GET UP TO SPEED
It’s become so regular an occurrence these days that you’d be forgiven if you missed it entirely: On Thursday, the CEOs of Facebook, Twitter, and Google headed to the US Congress (virtually, of course) to testify before the House Energy and Commerce Committee. But this wasn’t just another tech hearing. It was the first since the January 6 riot on Capitol Hill. It was focused on extremism and misinformation. And our team at the Digital Forensic Research Lab, which is all over these issues, tells us that lawmakers came at their questioning in a new way that offers insight into what our digital future could look like. Let’s break that down.
TODAY’S EXPERT REACTION COURTESY OF
Why this hearing was different
- What was most surprising about the hearing, according to Rose, was that it “was far more substantive and less partisan than past hearings that have typically devolved into a fight over whether the approaches of social-media platforms to content moderation go too far or not far enough.”
- In fact, Rose adds, the conversation went well beyond how to moderate content: “Republicans—who often accuse platforms of having a bias against conservative ideas when removing anti-vax or election-related disinformation—instead focused their questioning on issues of child protection online and the business models and financial incentives that could lead to real-world harm for kids. Democrats asked how these same incentives contribute to radicalization and disinformation for adults. This shift from a content-focused approach to a look at platform infrastructure suggests a new opening for bipartisan action.”
- Lawmakers clearly “did their homework this time,” Zarine tells us. “A recurring theme across both Republican and Democratic members’ questioning was the relationship between online and offline harms—an important link in understanding domestic extremism and radicalization.”
- As Jacqueline sees it, the hearing only added to “the momentum created in the past year for stronger federal regulation of the internet” based on an “acknowledgment that self-regulation has not worked. Multiple members of Congress bluntly expressed their distrust and dissatisfaction regarding the statements and solutions offered by the CEOs.”
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The future of social-media governance in the US
- Here’s how Rose assesses the state of play in terms of policy solutions: “There are more than two dozen legislative proposals floating around” that range from “completely gutting” Section 230 of the Communications Decency Act, which largely protects online platforms from liability for their users’ content, to “making platforms liable for content they algorithmically promote.”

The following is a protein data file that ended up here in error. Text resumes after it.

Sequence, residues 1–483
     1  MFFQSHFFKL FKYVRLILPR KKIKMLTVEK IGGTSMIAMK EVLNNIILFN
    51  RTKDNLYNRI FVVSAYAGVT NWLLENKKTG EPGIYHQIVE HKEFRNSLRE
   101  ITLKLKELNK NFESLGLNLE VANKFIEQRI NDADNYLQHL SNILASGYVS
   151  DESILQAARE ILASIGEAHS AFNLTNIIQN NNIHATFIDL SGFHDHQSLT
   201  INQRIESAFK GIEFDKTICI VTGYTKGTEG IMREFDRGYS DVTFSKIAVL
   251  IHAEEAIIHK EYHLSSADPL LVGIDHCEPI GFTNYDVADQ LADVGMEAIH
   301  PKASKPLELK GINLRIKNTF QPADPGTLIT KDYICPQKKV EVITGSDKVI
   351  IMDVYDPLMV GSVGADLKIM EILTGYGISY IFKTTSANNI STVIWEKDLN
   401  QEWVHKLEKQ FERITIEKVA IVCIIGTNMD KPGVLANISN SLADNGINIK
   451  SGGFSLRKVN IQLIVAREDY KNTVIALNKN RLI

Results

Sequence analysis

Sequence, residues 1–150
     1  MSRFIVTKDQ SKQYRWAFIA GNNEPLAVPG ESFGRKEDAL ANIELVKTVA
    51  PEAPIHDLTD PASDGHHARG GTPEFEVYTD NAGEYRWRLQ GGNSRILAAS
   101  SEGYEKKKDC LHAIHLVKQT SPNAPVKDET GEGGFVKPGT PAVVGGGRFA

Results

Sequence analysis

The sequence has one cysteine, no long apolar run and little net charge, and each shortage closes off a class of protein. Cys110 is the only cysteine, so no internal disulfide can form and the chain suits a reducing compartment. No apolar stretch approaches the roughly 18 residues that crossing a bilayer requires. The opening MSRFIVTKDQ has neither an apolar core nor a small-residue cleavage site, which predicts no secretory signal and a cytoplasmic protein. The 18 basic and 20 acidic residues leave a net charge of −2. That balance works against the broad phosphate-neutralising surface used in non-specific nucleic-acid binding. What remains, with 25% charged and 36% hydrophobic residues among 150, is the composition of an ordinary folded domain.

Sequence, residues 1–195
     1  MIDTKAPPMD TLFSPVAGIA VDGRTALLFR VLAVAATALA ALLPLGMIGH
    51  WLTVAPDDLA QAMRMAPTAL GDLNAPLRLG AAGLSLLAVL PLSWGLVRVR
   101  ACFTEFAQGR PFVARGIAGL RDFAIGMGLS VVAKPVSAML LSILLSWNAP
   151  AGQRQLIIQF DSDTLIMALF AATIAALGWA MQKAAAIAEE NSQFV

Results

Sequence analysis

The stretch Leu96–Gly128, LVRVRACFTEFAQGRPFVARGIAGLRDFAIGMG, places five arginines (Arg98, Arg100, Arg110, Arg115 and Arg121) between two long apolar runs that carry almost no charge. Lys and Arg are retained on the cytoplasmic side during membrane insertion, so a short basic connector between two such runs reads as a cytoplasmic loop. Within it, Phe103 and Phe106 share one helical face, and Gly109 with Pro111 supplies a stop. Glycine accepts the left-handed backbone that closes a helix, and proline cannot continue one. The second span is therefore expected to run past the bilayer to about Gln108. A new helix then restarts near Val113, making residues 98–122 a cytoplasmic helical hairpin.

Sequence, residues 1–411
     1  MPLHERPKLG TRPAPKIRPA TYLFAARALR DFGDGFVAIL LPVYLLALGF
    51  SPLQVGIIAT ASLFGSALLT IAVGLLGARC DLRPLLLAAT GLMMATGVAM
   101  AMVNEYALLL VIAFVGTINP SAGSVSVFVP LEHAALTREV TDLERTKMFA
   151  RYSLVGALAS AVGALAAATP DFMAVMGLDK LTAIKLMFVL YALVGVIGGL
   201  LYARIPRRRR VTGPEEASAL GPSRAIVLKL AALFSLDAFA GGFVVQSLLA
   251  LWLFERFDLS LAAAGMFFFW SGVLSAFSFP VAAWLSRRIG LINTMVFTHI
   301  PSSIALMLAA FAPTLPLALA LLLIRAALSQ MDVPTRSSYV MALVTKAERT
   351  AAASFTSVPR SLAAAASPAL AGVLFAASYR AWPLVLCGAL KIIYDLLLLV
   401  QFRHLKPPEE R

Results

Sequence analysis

- Zarine thought “some of the best lines of questioning went beyond discussing specific pieces of content to instead address fundamental issues of platform design and the underlying business models. It is increasingly apparent that the largest social-media platforms are not prepared to moderate content at the scale at which they operate, in part because they are not built to prioritize ethical and civic values over maximizing engagement. But it seemed that much of the discussion was still focused on articulating this problem rather than putting forward substantive solutions.”
- As for what all this talk means for what social media will look like in the future, Jacqueline notes that lawmakers “seemed to coalesce around the need for measures to increase transparency and public reporting on moderation decisions and efficacy.”
The international dimensions of the domestic debate
- Jacqueline notes that several lawmakers called for “some sort of federal privacy standard for personal data” like the European Union’s General Data Protection Regulation. As US policymakers develop new rules regarding personal data and internet law more broadly, she advises, they should make sure those rules are interoperable and reciprocal with those of allies.
- Rose zooms out from the hearing on Capitol Hill. Way out: “Though the United States is home to the world’s largest and most impactful [tech] companies, it is far behind the EU, India, Australia, and China in clarifying how it thinks tech should function in society.”
- But while it may seem super-technical, “the regulatory conversation is foreign policy,” Rose argues. “American absence in the conversation means ceding space in what amounts to one of the most significant expressions of power in the modern era—leaving countries like China to shape the digital world” that we all increasingly inhabit.
Thu, Mar 4, 2021
Transcript: YouTube CEO Susan Wojcicki on online speech, government regulation, and Donald Trump’s suspended account
The Youtube CEO talked about the company's responsibilities in the information ecosystem, disinformation, government regulation of speech, and what's next for Donald Trump's account.
Mon, Feb 1, 2021
New Atlanticist By Frances Burwell
Congress will certainly take on reforming Section 230 of the Communications Decency Act, but it should not just focus on the companies and their responsibilities. Legislators should take a good, hard look in the mirror. They must provide the guidelines that are central to reducing violent extremist content online: rules on acceptable versus forbidden online speech.
Mon, Feb 1, 2021
New Atlanticist By Kenneth Propp
Many Americans’ sunny faith in a robust media “marketplace of idea”’ is being tested. The European historical experience that informs “militant democracy” and speech-invasive privacy laws remains largely alien here. But adjustments at the margins, particularly in the areas of process, are possible and desirable.